Deputy Chief Medical Officer interview on The Project on 30 July 2020

Read the transcript of Deputy Chief Medical Officer Dr Nick Coatsworth's interview on The Project on 30 July 2020 about coronavirus (COVID-19).

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Australia's Deputy Chief Medical Officer Dr Nick Coatsworth is here we hope to explain why we shouldn't be freaking out. Nick, let's start with Victoria. What happened?


Well, 723's a high number, Waleed, there's no doubt about it. It's not what any of us wanted to see. It's really focused the attention of the nation on how we're going to resolve this. Doctors and nurses around Victoria will have looked at that number and thought: when's it going to go down?

Well, the numbers will come down, the movement restrictions will work. And I've said before on this show that it's going to take longer than we thought, longer than in the first wave, and the numbers we can see are bouncing around like a yo-yo; 290 yesterday, everybody thinks we're heading in the right direction; 723 today, it's the exact opposite emotion. So it's a real rollercoaster for all of us at the moment.


Given what the Premier keeps saying about the drivers of this being workplace transmission, so people who are sick or who have symptoms, they go to work anyway. This keeps happening, it keeps warning. It doesn't change. Does there come a point where the only available response really is to shut those workplaces down?


We have to stop this workplace transmission, then it's up to us to work with the rest of government to put some advice about how that should happen. Now, whether that is more restrictions, whether that is shutting certain workplaces down. And, you know, I think it's been fairly clear that there needs to be a debate on leave and financial support. All those are potential policy responses, but the issue is we can't have people going to work with COVID.


If I could move to aged care, Nick, given that it seems to be workers who bring the virus into these aged care facilities, has your office issued a directive to stop using transient workers across the country? We know they've done in Victoria, but shouldn't that be a national action plan now?


The action plans have got to be tailored across the states, and different ones will be brought in depending on the number of cases you have. I think that sort of policy nationwide may cause workforce disruption, may cause issues with care, with residential aged care residents. So, it's just really important that we tailor those responses to how many numbers there are in a given state.


Do you share Premier Andrews' position that this is within control?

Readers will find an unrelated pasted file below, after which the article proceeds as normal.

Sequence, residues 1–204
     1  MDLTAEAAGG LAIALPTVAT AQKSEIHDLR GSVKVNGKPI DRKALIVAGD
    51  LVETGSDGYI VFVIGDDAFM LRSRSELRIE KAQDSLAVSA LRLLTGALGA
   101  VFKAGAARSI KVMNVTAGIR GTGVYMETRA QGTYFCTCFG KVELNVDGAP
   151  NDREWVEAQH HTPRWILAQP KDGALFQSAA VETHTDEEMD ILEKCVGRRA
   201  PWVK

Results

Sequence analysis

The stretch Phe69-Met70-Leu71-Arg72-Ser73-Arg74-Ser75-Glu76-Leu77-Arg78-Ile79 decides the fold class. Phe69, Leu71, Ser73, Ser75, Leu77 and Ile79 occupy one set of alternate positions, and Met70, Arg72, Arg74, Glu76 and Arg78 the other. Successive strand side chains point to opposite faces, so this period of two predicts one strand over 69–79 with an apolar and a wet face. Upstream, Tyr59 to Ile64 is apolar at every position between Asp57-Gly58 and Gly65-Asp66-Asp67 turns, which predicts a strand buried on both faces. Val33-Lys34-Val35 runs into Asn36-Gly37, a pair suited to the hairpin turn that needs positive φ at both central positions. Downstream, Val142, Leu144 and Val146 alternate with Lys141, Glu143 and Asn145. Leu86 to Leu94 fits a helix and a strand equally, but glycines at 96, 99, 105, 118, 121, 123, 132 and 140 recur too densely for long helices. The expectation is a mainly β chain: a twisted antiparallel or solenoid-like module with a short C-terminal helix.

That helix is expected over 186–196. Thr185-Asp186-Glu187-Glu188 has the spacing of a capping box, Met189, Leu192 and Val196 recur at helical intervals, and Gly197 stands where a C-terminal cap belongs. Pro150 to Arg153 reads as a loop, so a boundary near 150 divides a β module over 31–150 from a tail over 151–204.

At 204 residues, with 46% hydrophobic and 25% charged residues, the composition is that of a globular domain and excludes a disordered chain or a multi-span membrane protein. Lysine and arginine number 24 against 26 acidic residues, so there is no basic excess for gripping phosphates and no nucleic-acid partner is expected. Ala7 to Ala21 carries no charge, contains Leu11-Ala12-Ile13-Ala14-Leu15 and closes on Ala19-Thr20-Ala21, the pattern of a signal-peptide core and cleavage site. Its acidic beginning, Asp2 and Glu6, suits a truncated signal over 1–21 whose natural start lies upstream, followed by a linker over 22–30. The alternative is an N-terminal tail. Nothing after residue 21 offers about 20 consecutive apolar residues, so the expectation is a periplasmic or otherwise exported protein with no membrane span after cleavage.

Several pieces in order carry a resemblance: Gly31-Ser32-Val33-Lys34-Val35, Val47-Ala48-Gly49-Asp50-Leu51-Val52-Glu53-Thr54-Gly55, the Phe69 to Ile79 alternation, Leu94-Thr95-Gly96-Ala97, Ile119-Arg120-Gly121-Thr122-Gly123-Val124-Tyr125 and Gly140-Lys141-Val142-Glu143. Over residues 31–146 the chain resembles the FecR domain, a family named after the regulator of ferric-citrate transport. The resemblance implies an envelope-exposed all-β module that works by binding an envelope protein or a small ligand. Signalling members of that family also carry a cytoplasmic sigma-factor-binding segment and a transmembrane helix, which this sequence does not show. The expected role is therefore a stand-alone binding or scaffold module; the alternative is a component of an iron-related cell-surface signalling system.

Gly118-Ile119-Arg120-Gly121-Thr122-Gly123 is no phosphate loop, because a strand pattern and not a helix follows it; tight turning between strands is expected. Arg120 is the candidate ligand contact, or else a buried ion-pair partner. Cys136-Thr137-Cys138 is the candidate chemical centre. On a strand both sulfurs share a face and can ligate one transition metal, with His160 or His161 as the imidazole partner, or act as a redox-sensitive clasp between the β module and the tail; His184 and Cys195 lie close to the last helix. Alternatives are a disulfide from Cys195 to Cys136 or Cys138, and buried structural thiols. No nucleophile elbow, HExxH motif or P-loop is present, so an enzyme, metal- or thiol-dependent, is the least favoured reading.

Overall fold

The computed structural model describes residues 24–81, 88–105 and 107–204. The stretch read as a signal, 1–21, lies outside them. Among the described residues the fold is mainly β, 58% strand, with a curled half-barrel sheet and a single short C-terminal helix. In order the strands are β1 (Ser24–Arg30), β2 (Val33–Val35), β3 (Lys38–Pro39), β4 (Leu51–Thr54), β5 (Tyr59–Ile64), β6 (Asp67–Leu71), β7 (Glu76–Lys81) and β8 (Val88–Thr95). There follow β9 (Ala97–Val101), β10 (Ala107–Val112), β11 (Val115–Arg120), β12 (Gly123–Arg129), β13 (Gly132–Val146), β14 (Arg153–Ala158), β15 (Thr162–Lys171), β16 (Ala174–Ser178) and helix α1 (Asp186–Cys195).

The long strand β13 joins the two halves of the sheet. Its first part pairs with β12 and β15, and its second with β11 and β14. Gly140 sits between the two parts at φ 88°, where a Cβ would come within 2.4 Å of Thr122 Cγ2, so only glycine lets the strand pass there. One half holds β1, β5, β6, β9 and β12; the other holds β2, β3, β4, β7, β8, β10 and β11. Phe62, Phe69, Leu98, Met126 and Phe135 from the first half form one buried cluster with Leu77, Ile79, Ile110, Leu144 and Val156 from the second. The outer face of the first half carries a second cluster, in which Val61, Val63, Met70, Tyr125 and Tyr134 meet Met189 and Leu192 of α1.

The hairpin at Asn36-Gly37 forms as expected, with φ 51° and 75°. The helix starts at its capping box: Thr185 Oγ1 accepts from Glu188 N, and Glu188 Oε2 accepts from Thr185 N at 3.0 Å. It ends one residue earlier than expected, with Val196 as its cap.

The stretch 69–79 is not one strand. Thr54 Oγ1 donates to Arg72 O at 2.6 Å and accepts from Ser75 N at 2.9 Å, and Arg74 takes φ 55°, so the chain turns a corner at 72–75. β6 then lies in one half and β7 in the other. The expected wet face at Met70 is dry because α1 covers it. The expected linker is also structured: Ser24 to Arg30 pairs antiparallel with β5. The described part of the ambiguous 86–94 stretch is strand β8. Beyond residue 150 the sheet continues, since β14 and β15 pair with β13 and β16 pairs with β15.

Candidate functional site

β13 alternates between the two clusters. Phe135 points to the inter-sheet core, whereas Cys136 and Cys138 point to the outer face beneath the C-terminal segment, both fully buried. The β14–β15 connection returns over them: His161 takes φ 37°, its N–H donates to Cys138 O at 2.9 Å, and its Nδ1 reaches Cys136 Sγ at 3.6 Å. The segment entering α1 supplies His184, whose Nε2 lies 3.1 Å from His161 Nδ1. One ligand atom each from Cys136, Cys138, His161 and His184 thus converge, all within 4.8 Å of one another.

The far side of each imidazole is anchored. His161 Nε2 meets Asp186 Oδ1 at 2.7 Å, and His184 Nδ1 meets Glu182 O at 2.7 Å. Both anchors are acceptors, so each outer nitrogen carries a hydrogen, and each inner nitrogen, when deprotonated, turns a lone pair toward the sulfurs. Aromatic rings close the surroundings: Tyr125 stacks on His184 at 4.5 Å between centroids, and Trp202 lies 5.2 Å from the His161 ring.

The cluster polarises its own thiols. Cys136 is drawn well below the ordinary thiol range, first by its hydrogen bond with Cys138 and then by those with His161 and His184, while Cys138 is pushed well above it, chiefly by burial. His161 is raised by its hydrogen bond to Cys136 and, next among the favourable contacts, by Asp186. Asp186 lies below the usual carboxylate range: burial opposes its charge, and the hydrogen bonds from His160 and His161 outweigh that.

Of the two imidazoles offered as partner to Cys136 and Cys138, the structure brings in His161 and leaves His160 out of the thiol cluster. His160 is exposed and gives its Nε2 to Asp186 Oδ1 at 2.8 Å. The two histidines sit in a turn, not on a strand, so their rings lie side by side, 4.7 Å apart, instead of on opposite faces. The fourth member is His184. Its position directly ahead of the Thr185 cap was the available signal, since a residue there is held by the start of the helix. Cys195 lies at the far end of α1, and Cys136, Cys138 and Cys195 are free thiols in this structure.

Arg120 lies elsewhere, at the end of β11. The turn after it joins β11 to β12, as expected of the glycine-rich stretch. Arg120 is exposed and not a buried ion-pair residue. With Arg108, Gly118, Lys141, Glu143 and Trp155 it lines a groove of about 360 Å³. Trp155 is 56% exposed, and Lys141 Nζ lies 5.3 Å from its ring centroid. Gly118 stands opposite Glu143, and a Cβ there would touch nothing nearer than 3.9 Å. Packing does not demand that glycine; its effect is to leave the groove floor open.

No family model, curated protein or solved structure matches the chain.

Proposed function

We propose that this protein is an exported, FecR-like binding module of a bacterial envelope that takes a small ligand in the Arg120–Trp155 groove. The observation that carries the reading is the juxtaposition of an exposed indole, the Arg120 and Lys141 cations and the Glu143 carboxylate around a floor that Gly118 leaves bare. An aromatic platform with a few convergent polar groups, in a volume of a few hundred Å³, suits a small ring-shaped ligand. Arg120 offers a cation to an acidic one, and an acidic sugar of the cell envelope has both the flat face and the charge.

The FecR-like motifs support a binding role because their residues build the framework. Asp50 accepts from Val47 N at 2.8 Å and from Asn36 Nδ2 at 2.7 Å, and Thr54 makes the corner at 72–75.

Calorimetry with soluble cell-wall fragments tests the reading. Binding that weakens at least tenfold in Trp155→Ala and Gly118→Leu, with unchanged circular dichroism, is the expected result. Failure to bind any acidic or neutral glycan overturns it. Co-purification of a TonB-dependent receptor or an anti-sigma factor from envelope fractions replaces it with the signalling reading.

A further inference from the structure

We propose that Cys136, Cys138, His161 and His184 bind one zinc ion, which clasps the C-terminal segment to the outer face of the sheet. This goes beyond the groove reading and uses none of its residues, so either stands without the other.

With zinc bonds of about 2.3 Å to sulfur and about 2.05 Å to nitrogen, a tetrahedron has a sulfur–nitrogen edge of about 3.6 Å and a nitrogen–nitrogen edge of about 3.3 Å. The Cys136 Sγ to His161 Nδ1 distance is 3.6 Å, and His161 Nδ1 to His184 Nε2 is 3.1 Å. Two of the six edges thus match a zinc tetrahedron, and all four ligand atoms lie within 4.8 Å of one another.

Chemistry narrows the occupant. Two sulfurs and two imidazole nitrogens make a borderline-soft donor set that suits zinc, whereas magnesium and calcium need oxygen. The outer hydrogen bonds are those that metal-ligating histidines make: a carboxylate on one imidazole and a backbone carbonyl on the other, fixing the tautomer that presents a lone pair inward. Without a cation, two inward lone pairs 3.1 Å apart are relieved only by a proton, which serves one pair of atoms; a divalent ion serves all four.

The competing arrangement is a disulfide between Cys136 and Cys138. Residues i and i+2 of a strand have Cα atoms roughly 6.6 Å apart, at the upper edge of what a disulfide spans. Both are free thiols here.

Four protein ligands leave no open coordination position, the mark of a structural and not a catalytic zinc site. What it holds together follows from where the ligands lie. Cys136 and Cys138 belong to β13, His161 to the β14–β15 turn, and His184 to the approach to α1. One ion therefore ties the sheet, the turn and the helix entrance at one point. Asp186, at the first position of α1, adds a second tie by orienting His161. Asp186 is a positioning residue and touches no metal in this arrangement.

The trend is to have, broadly, the same numbers every couple of days. It's difficult to say, though, that with 723, we're at a plateau. That number needs to be responded to, and has been today. The problem though is that we can't sustain those numbers in the medium term. You do run out of puff eventually with your contact tracing capability. And we've got contact tracers around Australia working remotely to help the Victorian Government. But we have to see that curve not just flatten, but start to have decreased daily case numbers to allow the public health authorities and the health system in general to have a breath. So, that needs to be the objective over the coming days.


Nick, the vast majority of Australians are doing the right thing but it must be hard to govern d**kheads. There is a certain small percentage of the country who are doing the wrong thing, not telling the truth. How hard is it to– how big an issue is it when people are just not giving you the truth? Is it something you can factor into your own strategies?


No, in short. Nobody would have expected that story to come out of Queensland, I have to say, and it shocked all of us that people who – and I've heard the 2 people in question termed teenagers; I suppose that's a technical view. Well beyond the age of responsibility. They're young adults who knew what they were doing. You know, I would liken that, to be frank, in the pandemic to, you know, knowingly spreading an infectious disease, which is an offence for a number of different infectious diseases around.


No doubt about that, but are you really serious when you say no-one could have foreseen something like this happening? I would have thought if you told me there would be a story of people who run around, lie to border authorities, do things they're not meant to do that, yeah, of course that will happen. You hope it doesn't, but it's definitely going to happen, then you have to figure out what to do about that. Are you really shocked that this sort of thing has happened?


I think it's fair to say that we were shocked at how brazen it was, Waleed. I think we've all heard stories of people attempting to cross borders. This was remarkable for both its recklessness and its brazenness. But I think this in part comes to the question that we've had before about suppression versus elimination. We have excellent processes in place to try and stop these things from happening, but when you've got a million people wanting to go into Queensland, as we just heard, you're going to get a few people there who don't obey the rules. So that means– it effectively means that no matter how perfect your processes are, you've always got to be vigilant.


Nick, thank you very much for speaking with us. We'll no doubt speak soon.


Thanks Waleed.  


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